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Buckwheat

Buckwheat (Fagopyrum Esculentum)

Having no relationship or connection with wheat, the triangular black or dark brown buckwheat seed is produced by a member of the rhubarb family. Growing to a metre in height, producing distinctive small pink flowers in late summer, the seed ripens in the late autumn.

Buckwheat is a short season crop that does well on low-fertility or acidic soils, but the soil must be well drained. Mechanical removal of the inedible outer husk is required to yield the sweet tasting buckwheat.

This is a traditional food in many parts of Russia and Northern China where, after hulling, the whole grain sometimes known as 'kasha' is boiled and eaten.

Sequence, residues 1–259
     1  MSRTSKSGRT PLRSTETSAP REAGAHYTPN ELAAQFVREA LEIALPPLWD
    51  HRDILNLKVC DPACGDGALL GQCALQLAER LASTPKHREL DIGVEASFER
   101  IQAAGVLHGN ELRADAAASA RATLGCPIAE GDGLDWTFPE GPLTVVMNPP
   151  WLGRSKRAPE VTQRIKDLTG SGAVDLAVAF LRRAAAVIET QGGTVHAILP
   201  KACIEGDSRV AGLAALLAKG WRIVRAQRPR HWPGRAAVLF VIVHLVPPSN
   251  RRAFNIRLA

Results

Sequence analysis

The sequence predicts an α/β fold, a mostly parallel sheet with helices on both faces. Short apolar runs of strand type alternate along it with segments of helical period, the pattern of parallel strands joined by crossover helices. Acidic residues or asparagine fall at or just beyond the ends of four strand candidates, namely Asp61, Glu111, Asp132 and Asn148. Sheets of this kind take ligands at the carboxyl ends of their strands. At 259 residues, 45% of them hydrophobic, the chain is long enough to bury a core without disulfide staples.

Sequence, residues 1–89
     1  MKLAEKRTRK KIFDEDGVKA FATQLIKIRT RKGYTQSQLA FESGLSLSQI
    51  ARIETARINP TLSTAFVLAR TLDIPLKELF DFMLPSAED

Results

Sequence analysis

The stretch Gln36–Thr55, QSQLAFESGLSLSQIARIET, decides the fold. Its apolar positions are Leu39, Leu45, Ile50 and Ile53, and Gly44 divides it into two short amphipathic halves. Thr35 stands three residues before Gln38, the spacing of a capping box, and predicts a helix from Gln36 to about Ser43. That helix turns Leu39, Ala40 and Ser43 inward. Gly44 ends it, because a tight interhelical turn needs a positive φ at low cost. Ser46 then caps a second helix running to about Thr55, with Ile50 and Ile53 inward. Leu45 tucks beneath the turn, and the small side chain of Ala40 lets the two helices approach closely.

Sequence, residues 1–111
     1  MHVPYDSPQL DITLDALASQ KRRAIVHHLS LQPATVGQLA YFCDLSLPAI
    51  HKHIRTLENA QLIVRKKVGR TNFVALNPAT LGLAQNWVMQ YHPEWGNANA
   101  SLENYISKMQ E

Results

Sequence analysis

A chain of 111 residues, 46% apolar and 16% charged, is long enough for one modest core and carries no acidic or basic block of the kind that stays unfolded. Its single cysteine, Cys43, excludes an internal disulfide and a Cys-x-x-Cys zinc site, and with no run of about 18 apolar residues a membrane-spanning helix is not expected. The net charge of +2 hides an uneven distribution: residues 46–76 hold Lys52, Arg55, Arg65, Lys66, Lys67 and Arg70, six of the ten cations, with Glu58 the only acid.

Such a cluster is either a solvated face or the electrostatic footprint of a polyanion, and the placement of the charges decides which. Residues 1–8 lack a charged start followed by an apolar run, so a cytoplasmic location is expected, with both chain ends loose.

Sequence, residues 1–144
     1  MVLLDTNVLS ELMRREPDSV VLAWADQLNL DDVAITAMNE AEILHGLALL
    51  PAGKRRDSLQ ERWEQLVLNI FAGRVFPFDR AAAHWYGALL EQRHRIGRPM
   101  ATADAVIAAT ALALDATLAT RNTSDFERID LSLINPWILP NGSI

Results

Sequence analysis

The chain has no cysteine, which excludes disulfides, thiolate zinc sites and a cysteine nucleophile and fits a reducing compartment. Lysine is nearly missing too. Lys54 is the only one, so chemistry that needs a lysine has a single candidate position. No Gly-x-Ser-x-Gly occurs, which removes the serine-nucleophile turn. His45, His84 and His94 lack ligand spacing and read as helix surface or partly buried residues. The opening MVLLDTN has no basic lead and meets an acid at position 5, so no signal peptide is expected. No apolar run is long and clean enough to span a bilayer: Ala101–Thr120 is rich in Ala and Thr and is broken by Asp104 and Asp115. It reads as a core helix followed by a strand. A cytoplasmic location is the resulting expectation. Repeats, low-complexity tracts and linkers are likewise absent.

Buckwheat has also been adopted by many other cultures and is typically used for both pancakes in Northern France and Noodles in the Far East.

Buckwheat produces a sweet and speckled flour. Whilst it is naturally gluten free, buckwheat flour can contain traces of gluten from adjacent or previous crops of wheat, storage and processing. Buckwheat imparts a distinctive and pleasing flavour to baked goods. 

The specific characteristics of buckwheat proteins, and the relative proportions of its amino acids, make buckwheat the unsurpassed cholesterol-lowering food studied to date.

Compared with true grains, buckwheat is high in minerals: especially zinc, copper, and manganese.

Healthier fat profile. Unlike true grains, buckwheat’s low fat content is skewed toward monounsaturated fatty acids—the type that makes olive oil so heart-healthful.